Sun, 09/17/2017 - 2:00pm

Saving tax dollars means saving tax dollars to spend on what the super rich like the Koch brothers want--anything that protects worldwide fossil fuels exploitation--including huge standing military assets, who are also the biggest users of said fossil fuels. And before anything is said, my husband had 43 years in the active and reserve, my daughter is AD Navy and my son in law was in Fallujah and Mosul during the second Iraq war. I know about the military. Yes, tax dollars must be saved for that, and this means what the rest of us might want some of the tax dollars we doke in used for--maybe, parks, national monuments, schools, roads--gets a big thumbs down from the state and federal legisalation-based knee benders to the super rich. When there is enough complaining about potholed roads and crime ridden parks, they find a way to make the user or volunteers pay for it, do the work, or both. During my lifetime, I have watched "urban renewal" send historic structures and districts go crashing down, to be replaced by bars, nightclubs and trendy stores. Next they add the "venues" to make people come downtown to watch the shenanigans, which are usually car races, New Orleans style pub crawls or a food fests. People buy a sandwich and go home. Nobody is happy but the rich guys who had the fun of their car race or food fest, and nobody is richer.

They really ballyhooed public private partnerships in the UP for upland game hunting. We tried out one of these partnered trails last year, and we'll never do it again. It was not sited to produce grouse, it was sited to please the business partner. this is the way these partnerships work--the public end is the short end.

Oh Detroit is back. Well, when I was a girl, my mom and I would take the bus downtown, then take a cab, and step out of the cab in front of the JL Hudson flagship store. Show me where the equivalent of Hudson's is, exactly.

Mark Lantz
Thu, 09/14/2017 - 10:31am

I have a lot of sympathy for this point of view. BUT . . . there's almost no way on God's green earth that this race is moving off Belle Isle. It's a shame that so much of the park is compromised for so long (particularly during some premium calendar time). But I suspect all the powers that be like the PR, the glamour and the money the race attracts. And probably don't spend a ton of time on Belle Isle during non-race times, anyway.

Robert Wancha
Thu, 09/14/2017 - 10:41am

I think a Detroit Grand Prix would be better located downtown or the State Fairgrounds or City Airport. If it remains on Belle Isle the setup to cleanup time should be shortened to minimize the loss of use to the usual city and state residents that want to enjoy it year-round. Even permanent structures and supports for the race can be designed to minimize negative impact to the natural beauty of the park, if the DNR and Penske are motivated to do so.

Anonymous
Thu, 09/14/2017 - 11:47am

I think everyone quickly forgets what this island looked like before the race. The city could not maintain it, grass was uncut, buildings in ruins, dead bodies galore, high crime, etc. The city didn't even want the state to take it over, which would not have happened without the investment and influence the race started to put back into Belle Isle. The race brings in over $50 million in economic benefit to the region each year and showcases our beautiful city, which after a long storied and corrupt past is absolutely needed. It appears too often and early people forget those who give back to make things better and just want to criticize and complain!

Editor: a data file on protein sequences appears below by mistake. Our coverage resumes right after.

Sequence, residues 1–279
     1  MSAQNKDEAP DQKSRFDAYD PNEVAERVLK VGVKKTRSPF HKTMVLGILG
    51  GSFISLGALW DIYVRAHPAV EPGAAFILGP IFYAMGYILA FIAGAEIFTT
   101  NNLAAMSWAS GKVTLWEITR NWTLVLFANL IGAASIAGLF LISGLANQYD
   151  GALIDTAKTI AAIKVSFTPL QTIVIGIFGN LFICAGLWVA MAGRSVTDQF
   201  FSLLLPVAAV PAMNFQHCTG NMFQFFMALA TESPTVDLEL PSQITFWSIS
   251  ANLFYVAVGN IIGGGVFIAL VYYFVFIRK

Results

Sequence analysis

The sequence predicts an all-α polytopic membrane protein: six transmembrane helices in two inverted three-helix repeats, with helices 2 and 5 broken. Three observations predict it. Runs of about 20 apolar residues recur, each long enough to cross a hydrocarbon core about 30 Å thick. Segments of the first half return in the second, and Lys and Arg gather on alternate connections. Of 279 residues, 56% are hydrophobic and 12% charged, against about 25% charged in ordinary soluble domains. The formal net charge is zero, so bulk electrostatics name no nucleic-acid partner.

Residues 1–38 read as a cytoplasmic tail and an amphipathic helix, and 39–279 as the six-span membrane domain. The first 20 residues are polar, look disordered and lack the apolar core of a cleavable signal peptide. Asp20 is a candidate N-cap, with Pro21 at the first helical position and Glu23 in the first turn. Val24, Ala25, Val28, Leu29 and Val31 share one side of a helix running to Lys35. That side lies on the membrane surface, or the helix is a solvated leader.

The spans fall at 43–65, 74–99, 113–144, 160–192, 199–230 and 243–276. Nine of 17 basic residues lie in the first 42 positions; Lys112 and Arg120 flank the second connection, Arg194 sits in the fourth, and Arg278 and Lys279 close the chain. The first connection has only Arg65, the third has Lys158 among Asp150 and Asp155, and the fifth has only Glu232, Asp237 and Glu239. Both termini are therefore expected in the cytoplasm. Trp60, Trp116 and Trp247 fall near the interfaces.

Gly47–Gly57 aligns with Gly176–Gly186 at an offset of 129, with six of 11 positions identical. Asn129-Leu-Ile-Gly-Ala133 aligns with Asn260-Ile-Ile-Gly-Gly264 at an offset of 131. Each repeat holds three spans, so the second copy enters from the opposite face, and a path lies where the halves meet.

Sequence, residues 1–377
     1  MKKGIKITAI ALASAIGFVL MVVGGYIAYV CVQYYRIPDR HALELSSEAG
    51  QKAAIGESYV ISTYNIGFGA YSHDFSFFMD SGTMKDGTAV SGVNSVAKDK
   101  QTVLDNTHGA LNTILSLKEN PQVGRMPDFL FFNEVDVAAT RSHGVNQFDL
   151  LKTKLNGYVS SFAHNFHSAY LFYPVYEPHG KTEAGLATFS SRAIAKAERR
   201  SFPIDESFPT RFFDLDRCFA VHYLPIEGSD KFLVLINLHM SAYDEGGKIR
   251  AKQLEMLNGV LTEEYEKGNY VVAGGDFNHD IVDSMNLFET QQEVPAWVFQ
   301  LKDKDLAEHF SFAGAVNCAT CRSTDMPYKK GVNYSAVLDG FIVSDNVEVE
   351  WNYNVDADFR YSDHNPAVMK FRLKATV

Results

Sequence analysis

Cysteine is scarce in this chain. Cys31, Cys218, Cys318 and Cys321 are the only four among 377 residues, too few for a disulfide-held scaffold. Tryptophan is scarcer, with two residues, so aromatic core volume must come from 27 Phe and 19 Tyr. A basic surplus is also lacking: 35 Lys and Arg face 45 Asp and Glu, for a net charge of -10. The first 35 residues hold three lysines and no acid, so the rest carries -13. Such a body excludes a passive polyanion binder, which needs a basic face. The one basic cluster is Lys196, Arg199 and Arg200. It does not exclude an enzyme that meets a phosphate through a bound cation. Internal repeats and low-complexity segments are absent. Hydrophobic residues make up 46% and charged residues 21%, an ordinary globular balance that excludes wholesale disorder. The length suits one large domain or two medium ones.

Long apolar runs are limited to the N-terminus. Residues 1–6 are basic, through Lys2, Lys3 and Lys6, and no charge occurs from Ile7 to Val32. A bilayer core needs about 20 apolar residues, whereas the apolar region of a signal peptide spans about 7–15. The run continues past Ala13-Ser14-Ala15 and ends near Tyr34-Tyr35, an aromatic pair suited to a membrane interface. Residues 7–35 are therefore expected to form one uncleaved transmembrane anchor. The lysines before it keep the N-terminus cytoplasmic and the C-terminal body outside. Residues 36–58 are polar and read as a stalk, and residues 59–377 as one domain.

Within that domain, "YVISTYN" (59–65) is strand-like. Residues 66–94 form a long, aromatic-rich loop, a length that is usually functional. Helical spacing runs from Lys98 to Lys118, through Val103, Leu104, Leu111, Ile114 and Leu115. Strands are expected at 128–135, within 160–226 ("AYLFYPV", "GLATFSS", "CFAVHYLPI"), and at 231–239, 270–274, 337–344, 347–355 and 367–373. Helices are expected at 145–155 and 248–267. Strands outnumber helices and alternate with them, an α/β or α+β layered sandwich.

Carol Rhoades
Thu, 09/14/2017 - 1:44pm

Sorry to say that inflated "economic benefit" is NOT true at all! The race fans come to the island, buy a few sandwiches and drinks then leave so those vendors make a few bucks. The city has come back with all the new restaurants, renovated buildings and millennials living downtown, West Village now has Craftwork, Red Hook, Vegan Soul, plus 2 yoga places, a new burger and pizza place coming and a New Orleans style restaurant, a bike shop, Sister Pie, La Boheme, Coe building, Belle Isle Pizza, a new florist shop, A Wine Shop, a Charcuterie Shop, and Platform is building a new complex on Grand Blvd and developing the old Big Boy site on Jefferson across from the island. Detroit doesn't need this noisy, polluting race to show anyone how great we are! The city is back!

Deborah
Mon, 09/18/2017 - 1:20pm

Amen.

Stand Up Detroit
Tue, 09/19/2017 - 10:17am

"Dead bodies galore and high crime?" Sounds like propaganda or a movie to me!! Can we have a little truth here please.

Zeke
Thu, 09/14/2017 - 8:44pm

I am surprised That "The Roger Penske" isn't listening to the public and just letting his people ruin a pristine oasis in the concrete jungle of Detroit . I understand he has power in Detroit and affects many decisions eventually made by the mayor. Money is power isn't it.
By selfishly doing his best to ruin Belle Isle in spite of the many residents comments and wishes he is besmirching his reputation for fairness and good business practices that many use to admired him for.
Is he losing control of his empire to his profit only underlings or suddenly just doesn't care about Detroit's residents?

Will the real Roger Penske please step forward so the people of Detroit see you not for what you were but what you are now?

Doug Leithauser
Fri, 09/15/2017 - 10:15am

I am all in favor of the race. It helps raise the image of Detroit significantly. It is difficult for outsiders to think of Detroit as the "murder city" when watching TV coverage of a professional level road race on a beautiful island setting. It's hard to put a dollar value on that, but it is significant. It brings money to the island and the city. i do agree that the time allotted to the race preparations should be kept to a minimum for the sake of other island users.

Mark
Fri, 09/15/2017 - 5:05pm

Michael Betzold- I would ban you for life from Belle Isle. Keep your bike riding on Jefferson and Van Dyke Avenues.

Deborah
Mon, 09/18/2017 - 1:16pm

It is hard to understand why folks wouldn't want a permanent racetrack somewhere else in Detroit. Spread it around! So many reasons for the race cars to leave the island. Why can't Detroit get wholly behind natural spaces? 19c thinking, an outdated legacy thst must be undone. Penske could lead and be the hero if he could figure that out. Too self interested.

Stand Up Detroit
Tue, 09/19/2017 - 10:20am

Amen!